What to look out for at ongoing Made-in-Rwanda trade fair


Salesmen try to convince a client to buy a suitcase. / Joan Mbabazi.

Are you going shopping this weekend? If yes, you could visit the ongoing Made-in-Rwanda expo at Gikondo showgrounds, where over 450 exhibitors are showcasing their products. Below are some of the must-visit stalls and entrepreneurs at the expo.

Posh Creative

Sandals on display at the expo.  / Joan Mbabazi.

When Samantha Freedom Ahirwe, the Posh Creative company chief executive, started the enterprise, she wanted to make unique sandals for women. The University of Rwanda’s civil engineering graduate designs and makes the footwear that comes in different colours, sizes and designs.

Ahirwe said the firm is driven by innovation, adding that it’s central for the success of the Made-in-Rwanda campaign. The firm based at Rusheshe, Masaka is looking to partner with like-minded entrepreneurs with a view of producing for the regional and other markets.

The young entrepreneur sells a pair at Rwf12,000 and those that buy three or more pairs pay Rwf10,000 each.

The entrepreneur imports raw materials from Kenya.

Supporting youth, women

For those seeking hands-on skills in knitting and crocheting, especially the youth and women, the firm provides training to empower them with these life-long vocational skills.

“With these skills, they can go and start their own enterprises, which help improve their livelihoods and also contribute to the country’s development efforts,” Ahirwe said yesterday.

XIE You, suitcase maker

XIE You Limited makes suitcases from acrylonitrile butadiene styrene (ABS) material, a common thermoplastic polymer. The material is strong, more durable and can’t get spoilt easily. Most importantly, it is waterproof, according to Peter Rukundo, the exhibitor.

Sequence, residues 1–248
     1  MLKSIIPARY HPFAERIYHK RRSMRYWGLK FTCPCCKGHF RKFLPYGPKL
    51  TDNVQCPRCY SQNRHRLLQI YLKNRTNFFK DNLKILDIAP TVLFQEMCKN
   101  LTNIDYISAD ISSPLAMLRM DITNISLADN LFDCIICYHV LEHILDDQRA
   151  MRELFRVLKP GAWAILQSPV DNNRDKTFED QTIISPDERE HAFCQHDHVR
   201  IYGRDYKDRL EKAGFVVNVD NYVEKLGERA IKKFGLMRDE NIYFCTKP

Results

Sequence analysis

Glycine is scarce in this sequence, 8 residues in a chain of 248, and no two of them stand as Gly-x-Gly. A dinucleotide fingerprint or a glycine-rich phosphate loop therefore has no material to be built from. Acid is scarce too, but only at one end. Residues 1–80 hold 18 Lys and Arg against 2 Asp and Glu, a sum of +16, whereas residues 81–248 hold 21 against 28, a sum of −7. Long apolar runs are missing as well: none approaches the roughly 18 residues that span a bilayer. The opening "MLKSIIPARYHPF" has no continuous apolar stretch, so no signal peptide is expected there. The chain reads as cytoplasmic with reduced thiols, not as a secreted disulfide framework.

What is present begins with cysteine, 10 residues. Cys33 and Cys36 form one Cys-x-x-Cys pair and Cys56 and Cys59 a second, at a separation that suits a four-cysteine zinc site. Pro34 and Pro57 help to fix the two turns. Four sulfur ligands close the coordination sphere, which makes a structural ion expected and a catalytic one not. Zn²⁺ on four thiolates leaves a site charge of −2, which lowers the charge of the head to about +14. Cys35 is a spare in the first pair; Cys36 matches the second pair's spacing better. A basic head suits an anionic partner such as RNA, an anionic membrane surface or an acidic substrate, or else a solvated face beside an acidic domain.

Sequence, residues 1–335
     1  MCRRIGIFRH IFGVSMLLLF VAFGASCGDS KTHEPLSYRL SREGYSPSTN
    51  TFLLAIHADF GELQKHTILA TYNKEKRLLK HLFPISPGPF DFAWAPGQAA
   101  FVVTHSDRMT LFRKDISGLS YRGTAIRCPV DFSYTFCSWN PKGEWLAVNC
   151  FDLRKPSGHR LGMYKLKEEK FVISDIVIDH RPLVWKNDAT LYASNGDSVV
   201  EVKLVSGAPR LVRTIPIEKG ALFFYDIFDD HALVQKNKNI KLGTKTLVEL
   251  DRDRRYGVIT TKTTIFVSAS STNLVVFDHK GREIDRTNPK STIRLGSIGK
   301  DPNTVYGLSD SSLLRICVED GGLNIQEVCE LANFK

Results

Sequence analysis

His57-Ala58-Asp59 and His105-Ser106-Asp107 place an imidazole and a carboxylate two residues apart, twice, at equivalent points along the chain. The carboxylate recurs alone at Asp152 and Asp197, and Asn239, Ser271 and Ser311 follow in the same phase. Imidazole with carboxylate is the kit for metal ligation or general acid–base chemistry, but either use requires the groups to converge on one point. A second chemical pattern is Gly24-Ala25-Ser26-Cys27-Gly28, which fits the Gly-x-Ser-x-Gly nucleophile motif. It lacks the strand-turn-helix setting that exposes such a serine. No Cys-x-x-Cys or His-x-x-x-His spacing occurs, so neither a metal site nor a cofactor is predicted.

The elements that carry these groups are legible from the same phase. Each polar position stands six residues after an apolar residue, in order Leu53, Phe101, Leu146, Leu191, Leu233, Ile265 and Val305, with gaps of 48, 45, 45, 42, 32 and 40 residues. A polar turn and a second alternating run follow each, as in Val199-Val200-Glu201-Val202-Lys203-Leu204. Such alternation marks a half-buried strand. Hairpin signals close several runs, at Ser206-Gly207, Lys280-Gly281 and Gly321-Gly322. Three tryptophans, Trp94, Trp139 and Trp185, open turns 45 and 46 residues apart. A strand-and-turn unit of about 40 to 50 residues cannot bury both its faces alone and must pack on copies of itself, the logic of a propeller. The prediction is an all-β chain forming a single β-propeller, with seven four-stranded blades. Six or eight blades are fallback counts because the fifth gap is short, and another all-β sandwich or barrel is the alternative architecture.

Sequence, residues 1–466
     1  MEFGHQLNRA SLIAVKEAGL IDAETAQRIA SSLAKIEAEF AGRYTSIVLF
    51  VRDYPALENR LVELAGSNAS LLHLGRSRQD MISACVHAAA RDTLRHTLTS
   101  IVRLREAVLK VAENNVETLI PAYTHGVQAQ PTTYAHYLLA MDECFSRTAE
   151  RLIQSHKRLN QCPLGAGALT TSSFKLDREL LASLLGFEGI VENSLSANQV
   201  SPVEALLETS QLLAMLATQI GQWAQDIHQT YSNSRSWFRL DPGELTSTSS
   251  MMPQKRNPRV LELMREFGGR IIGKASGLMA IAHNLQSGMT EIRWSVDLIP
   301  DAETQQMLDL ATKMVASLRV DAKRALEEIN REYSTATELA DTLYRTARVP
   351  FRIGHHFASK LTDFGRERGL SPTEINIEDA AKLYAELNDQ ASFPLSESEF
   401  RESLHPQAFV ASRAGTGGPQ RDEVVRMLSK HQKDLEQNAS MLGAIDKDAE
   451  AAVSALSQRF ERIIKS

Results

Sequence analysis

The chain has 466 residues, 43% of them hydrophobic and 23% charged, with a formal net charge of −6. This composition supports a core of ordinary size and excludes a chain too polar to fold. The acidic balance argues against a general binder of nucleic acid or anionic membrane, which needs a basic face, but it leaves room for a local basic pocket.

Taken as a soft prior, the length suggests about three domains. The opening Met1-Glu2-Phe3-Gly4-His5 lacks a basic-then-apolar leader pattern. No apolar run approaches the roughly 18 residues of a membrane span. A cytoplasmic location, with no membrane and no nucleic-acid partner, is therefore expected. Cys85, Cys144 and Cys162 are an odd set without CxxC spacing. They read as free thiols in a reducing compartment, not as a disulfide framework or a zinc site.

Suitcases are unique in way that they are made of strong and durable materials compared to most of the similar products that are imported from abroad.

The salesman added that they are also cheaper and five times stronger compared to plastic suitcases imported.

According to Rukundo, the smallsized suitcases cost Rwf15,000 each, medium ones go for Rwf20,000, while it’s Rwf25,000 for the big ones.

Rukundo said the newly established firm will use the expo to get partnership in terms of retailers and deepen their market reach. The Chinese company is based in the Kigali Special Economic Zone.

Akanyenyeri, the handicrafts kings

Patrice Hakizimana is the owner of Akanyenyeri, which makes chairs, tables, trays and shoes from banana fibres.

He is inspired by the fact that the raw materials are readily available and are affordable.

The exhibitor gives those buying in bulk discounts. A small-sized chair costs Rwf5,000 and big ones are at Rwf18,000 each, while tables go for Rwf10,000 each, a three-piece set of trays costs Rwf8,000 and a pair of shoes is at Rwf3,500.

Hakizimanam the owner of Akanyenyeri, displays his products made from banana fibres. By Joan Mbabazi.


The Nyanza District, Busasamana, Gahondo-based entrepreneur said they have few customers presently “because the uniqueness of the products makes them a bit costly compared to their ordinary alternatives”.

He said it takes him three days to make one chair or table. The job is done manually, a reason it takes a lot of time.

The fourth annual Made-in-Rwanda expo is organised by the Private Sector Federation (PSF) and trade and industry ministry to promote consumption of locally-produced products and also help entrepreneurs to network and find solutions to challenges they face, including improving quality and production capacity.

The expo, which ends on December 5, has attracted about 450 firms.